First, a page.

July 12, 2002

Step By Step

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Classic Design Concepts' Shaker is right at home on this 2001 GT. The unit adds to the overall looks of the Mustang and should add a few ponies too.
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Stock is no comparison.
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In order to preserve the stock hood, we installed the scoop using a spare hood from another Mustang.
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Working on a typical body shop dolly, we flipped the hood upside down and removed the insulation blanket, as per the CDC instructions.
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Then we unbolted the factory non-functional scoop.
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Next, Mike Rozman of Crazy Horse Racing cut the template from the CDC blueprints and taped it to the hood. The CDC instructions say to shut the hood so the template can be properly aligned. Since our hood was not on the car we aligned the template using the crease lines in the hood.
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After marking the holes with a center punch, Rozman drilled the eight 5/16-inch holes.

Hot rodders are a special breed of people. We look past the basic utilitarian needs of our cars and make changes to enhance style and speed. It doesn't matter if you fancy racing or car shows, the key to hot rodding happiness is to personalize your ride.

We do this with hordes of aftermarket and custom parts--some for performance, some for style, but in any case, the cars become an extension of our personalities.

When a certain make or model is more popular than the rest, such as the Mustang, personalizing takes on a whole new meaning. Owners search far and wide to create a unique look, one that stands out from the crowd. Ford Motor Company is privy to this and so our favorite auto maker has been doing a bit of "personalizing" itself lately. Ford has given us some interesting packages like the Cobra, the Bullitt and the Mach 1 concept Mustang.

Still, you may want to kick your Mustang up another notch, to a higher level of performance and style. "All the way up to levels unknown," as chef Emeril might say. To reach this higher level with one very cool 2001 GT, we turned to Classic Design Concepts and its functional Shaker hood scoop. The "Shaker" hood was one of the coolest performance parts of the muscle car era. In fact, the idea was so cool that Ford, Dodge, Plymouth and Pontiac used variations of the shaker ram air scoop in the '60s, '70s and '80s. And now you can add one to your 1999-present Mustang with this nifty kit from CDC.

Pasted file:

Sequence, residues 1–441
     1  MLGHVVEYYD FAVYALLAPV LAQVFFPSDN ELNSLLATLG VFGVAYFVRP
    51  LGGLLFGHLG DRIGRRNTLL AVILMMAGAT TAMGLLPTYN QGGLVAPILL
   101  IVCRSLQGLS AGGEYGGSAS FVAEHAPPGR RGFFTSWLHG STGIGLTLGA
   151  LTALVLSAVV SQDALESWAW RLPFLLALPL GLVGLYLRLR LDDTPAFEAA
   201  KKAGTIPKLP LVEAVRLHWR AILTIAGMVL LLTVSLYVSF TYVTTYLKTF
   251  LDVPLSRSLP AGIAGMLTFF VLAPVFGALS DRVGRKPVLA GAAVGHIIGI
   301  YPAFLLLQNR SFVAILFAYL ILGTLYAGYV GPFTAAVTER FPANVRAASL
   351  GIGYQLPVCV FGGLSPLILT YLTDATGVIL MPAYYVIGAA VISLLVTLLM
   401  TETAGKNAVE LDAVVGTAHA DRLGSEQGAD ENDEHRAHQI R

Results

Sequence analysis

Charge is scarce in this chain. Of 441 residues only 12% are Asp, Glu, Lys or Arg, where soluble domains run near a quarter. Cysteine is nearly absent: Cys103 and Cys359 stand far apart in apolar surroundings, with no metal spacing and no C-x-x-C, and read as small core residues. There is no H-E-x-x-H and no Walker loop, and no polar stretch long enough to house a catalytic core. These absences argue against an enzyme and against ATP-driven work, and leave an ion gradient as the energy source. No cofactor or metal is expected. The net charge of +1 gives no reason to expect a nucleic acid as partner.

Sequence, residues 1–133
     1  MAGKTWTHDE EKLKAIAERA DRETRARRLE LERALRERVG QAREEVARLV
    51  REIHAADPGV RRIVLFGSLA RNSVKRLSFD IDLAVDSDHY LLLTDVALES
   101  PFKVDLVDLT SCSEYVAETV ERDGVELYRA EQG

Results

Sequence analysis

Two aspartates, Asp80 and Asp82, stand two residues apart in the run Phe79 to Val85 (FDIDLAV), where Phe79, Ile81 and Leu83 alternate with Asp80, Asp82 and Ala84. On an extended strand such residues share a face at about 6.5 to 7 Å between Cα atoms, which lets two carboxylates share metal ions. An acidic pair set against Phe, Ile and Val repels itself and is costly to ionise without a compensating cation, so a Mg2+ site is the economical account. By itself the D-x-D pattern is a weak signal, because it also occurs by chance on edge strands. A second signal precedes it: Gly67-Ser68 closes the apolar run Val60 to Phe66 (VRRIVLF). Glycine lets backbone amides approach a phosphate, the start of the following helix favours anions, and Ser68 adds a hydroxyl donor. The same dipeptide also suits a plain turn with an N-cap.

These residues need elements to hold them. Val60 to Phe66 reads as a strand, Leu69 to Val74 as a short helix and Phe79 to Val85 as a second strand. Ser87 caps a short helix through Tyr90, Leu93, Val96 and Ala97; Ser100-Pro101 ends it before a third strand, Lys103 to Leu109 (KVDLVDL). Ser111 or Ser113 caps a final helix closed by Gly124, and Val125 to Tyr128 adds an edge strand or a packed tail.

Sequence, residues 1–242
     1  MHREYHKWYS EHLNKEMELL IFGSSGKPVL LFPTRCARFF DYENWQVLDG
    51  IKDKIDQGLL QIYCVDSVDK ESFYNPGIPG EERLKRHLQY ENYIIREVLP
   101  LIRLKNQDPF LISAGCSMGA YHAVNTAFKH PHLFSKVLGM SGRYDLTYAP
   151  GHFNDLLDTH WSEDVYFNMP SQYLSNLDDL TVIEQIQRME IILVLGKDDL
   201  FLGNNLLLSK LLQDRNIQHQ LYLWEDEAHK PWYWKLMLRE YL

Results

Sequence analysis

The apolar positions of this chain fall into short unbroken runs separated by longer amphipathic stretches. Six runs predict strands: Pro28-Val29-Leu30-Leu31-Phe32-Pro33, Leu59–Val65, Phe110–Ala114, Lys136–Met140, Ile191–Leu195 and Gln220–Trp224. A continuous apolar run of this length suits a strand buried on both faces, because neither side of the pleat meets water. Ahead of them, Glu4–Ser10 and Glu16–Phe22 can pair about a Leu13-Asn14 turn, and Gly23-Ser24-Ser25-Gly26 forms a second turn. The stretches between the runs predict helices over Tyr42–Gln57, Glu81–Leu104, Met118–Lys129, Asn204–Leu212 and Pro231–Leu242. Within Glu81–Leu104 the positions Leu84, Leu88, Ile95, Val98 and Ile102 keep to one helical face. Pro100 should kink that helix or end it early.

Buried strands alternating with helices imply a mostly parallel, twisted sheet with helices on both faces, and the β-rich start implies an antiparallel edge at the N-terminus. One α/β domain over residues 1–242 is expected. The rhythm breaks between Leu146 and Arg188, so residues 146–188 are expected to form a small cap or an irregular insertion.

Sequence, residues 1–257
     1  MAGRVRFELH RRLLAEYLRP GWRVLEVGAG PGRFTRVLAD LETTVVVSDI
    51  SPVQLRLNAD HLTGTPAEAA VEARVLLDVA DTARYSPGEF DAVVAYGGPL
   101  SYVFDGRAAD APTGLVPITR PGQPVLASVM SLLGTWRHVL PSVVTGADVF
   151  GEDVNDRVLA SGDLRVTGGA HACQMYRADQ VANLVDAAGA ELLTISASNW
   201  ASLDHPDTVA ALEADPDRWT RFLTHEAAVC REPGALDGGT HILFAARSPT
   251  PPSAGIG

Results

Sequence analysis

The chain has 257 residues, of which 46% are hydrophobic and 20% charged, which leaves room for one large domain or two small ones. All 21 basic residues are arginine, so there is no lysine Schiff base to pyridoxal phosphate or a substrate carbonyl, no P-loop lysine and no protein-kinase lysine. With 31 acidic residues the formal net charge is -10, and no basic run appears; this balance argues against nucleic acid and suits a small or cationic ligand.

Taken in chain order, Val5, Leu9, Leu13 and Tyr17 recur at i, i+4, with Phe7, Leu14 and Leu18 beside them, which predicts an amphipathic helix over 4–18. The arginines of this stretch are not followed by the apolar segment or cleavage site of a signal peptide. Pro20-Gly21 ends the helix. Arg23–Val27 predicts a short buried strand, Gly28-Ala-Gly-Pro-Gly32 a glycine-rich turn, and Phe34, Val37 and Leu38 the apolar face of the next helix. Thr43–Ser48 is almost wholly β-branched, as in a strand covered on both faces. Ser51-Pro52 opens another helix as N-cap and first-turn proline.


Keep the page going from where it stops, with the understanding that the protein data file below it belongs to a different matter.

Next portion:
The original Shakers sat atop the carburetor(s) and poked through the hood to breathe fresh air--but also to shake, rattle and roll along with the powerplants as they rumbled along. And while big 4-barrels and multiple carb setups are long gone, you can enjoy the many benefits of ram air for your 4.6 mod mill.In order to bring such a hip product to the market, CDC developed a complete kit that is well-designed and relatively easy to install. The main component is the finned aluminum scoop and the cowl-style center piece, which CDC calls a "Hood Applique." Also included in the $795 kit is the upper air box, lower air box, air tube, weather seal, and all the necessary hardware and instructions.

The CDC Shaker kit is designed so that it can be installed on the car, and only the Applique needs to be painted to the desired color. We, however, took a different approach and started with a spare hood, so we could preserve the factory bonnet. By working with a different hood we were able to cut the opening in the hood on a dolly, which may or may not be easier than doing it on the car. Though it may be hard to see in the photos, the second hood was Oxford White not Silver Metallic like the car, so it was painted along with the applique by our favorite body man Tommy De of Wayne's Auto Body in South Amboy, N.J. Tommy De sprayed the hood in stock Silver, though we picked a glossy black for the applique.

When the paint was dry we were back at the shop to get scooped. Chris Winter of Crazy Horse Racing installed the underhood hardware and assembled the air box and scoop. We followed the instructions and in a couple of hours the test pony was shakin'.

The kit was a perfect fit on our Silver Metallic GT. The black applique blended well with the Mustang's lines and the scoop fit right in with the optional 5-spoke "retro" rims. The CDC kit had an effect on performance, too, due to the extra air ramming into the 4.6 engine. Slam the throttle to the floor and you can feel the difference in the seat of your pants. Actually, we found so much air was being forced in that we had to build a shield to redirect the incoming air from blowing directly into the filter. We believe that with the throttle shut the ram effect of the scoop was causing the mass air meter to read incorrectly, which caused the engine to search for idle. After solving this glitch the car ran like a champ.

Ultimately, we have a unique GT with some extra function and way more style than stock. The GT draws loads of attention and soon it will be lowered and really looking sleek. Then it's off to the track for a little drag strip test to see how all the parts work on the track.